Professor Fischetti is Head of School of Education School in the University of Newcastle.

Over the past 30 years John has worked to revamp classroom practices, school structures and board policies around the new era we are in, that he calls “the collaborative, global innovation age”.

In the past, John has served as a Dean in the US, a Professor and teacher.

Working inside school reform, revamping teacher education and rethinking leadership preparation over the past thirty years, Professor John Fischetti brings a divergent set of experiences to The University of Newcastle.

In this hour long, gem-packed discussion, John talks about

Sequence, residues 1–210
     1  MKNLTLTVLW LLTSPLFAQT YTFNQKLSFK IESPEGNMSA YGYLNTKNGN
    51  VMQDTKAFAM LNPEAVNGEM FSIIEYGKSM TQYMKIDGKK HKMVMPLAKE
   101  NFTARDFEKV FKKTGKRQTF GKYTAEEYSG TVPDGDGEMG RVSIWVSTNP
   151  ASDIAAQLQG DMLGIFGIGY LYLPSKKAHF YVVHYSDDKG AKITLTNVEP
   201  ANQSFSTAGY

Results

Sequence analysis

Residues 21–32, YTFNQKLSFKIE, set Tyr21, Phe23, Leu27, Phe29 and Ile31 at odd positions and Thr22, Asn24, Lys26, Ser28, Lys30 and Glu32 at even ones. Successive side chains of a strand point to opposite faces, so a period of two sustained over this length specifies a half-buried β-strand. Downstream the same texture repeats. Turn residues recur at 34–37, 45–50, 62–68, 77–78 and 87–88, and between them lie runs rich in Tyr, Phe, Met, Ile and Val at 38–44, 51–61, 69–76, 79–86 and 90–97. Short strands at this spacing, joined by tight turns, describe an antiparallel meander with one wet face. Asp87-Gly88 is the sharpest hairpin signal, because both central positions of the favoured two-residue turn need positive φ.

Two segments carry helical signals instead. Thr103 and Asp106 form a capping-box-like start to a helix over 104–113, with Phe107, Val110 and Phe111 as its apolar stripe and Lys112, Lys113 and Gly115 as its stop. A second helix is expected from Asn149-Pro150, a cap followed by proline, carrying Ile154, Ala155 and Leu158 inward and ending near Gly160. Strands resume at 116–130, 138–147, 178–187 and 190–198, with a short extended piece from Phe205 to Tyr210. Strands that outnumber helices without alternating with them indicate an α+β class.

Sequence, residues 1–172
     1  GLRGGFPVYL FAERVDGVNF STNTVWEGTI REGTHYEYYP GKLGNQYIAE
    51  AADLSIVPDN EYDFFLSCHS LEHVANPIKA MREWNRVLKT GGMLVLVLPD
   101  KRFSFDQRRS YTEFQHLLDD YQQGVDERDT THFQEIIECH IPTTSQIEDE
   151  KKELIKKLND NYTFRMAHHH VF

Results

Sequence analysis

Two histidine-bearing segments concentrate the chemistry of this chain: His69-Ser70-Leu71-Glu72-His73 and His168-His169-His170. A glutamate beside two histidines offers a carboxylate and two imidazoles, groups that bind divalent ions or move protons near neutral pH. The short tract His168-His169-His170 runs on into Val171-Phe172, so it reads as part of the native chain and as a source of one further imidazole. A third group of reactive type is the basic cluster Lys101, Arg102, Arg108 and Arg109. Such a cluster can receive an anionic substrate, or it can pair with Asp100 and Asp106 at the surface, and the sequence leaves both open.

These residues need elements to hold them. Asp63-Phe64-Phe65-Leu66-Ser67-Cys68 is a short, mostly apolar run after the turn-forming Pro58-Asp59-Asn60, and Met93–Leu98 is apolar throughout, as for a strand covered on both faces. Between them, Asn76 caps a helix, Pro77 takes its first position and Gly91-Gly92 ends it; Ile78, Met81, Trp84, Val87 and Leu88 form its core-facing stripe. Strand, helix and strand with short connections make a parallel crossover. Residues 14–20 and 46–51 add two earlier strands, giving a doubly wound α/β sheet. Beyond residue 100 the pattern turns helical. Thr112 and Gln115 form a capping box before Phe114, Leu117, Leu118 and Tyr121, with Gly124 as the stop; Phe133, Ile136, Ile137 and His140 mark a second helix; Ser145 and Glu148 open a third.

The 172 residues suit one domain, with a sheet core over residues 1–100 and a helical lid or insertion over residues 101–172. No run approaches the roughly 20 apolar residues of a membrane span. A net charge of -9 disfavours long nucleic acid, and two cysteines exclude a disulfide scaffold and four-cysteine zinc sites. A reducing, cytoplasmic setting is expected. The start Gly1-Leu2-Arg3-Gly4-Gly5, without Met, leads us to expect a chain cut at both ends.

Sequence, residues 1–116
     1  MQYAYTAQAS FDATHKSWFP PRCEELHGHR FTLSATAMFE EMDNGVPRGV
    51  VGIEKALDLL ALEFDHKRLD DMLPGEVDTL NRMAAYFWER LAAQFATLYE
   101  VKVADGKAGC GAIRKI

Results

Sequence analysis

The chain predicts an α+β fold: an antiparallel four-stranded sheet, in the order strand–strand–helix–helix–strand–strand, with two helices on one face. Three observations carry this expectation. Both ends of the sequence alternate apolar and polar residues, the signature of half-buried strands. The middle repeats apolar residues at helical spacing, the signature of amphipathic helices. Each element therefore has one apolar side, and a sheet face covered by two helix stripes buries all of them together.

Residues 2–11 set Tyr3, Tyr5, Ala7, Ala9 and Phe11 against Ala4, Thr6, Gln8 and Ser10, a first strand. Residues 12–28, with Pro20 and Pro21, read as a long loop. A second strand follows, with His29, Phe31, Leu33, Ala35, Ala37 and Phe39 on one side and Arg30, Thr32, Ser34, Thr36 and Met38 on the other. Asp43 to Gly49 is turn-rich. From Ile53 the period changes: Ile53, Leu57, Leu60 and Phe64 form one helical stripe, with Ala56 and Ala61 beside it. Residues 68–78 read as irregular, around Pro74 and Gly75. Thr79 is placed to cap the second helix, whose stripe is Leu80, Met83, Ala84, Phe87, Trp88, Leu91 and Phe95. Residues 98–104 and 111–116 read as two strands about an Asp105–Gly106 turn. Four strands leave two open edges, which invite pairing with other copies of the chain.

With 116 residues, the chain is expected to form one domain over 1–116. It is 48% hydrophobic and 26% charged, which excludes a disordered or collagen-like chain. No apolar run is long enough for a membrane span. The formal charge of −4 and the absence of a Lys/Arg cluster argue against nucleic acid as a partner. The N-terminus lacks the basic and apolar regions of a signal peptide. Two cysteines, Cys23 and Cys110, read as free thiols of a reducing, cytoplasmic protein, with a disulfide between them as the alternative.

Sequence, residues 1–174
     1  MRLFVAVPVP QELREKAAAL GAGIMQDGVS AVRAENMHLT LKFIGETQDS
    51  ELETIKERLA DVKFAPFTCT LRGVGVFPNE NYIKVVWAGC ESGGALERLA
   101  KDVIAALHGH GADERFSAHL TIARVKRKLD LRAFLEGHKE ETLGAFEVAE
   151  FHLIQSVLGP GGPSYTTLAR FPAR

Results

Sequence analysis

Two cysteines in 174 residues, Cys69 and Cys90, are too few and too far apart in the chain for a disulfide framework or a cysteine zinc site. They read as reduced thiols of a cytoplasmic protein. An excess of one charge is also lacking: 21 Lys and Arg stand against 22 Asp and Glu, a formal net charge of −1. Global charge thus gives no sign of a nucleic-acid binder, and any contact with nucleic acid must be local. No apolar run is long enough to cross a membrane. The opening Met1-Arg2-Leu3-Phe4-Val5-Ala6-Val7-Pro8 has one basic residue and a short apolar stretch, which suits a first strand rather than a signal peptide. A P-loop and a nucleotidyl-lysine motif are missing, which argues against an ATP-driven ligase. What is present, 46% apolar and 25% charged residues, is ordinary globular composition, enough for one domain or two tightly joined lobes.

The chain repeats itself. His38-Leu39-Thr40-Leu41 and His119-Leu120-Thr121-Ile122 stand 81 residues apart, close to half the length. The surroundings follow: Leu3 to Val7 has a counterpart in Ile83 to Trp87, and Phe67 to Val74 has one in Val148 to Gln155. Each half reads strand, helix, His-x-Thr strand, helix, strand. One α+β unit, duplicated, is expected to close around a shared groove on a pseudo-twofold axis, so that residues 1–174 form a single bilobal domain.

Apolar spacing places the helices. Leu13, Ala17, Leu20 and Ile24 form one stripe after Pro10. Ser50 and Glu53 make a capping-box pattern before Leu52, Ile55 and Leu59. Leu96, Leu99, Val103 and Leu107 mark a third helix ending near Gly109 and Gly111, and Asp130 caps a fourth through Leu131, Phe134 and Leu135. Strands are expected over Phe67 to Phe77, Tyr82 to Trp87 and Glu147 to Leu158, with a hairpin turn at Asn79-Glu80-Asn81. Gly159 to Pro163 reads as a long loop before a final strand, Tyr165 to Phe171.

* equity vs equality in education,
* flipped schools,
* refugee education in Miami,
* personalised education,
* intellectual inspiration,
* student engagement,
* how to equip our children with the intellectual tools they need to reach the moon and beyond,
* how the role of teachers has already changed,
* and much much more.

This is STEMiverse episode 14.


Show notes

[00:00] Introduction - Introducing John Fischetti
[01:55] John's current occupation as Dean of Education at the University of Newcastle
[03:32] Equity vs Equality
[04:24] John talks about his background: Starting his career at the Haitian refugee center in Miami, FL
[05:33] Bringing Education to those who need it
[07:01] What drew John to become a teacher
[09:23] What influenced John to teach refugees: Volunteers in Service to America (VISTA)
[10:50] John's experience during his early days as a teacher
[20:57] How do you achieve Education-for-All, technically and politically?
[24:37] Towards a personalised version of Education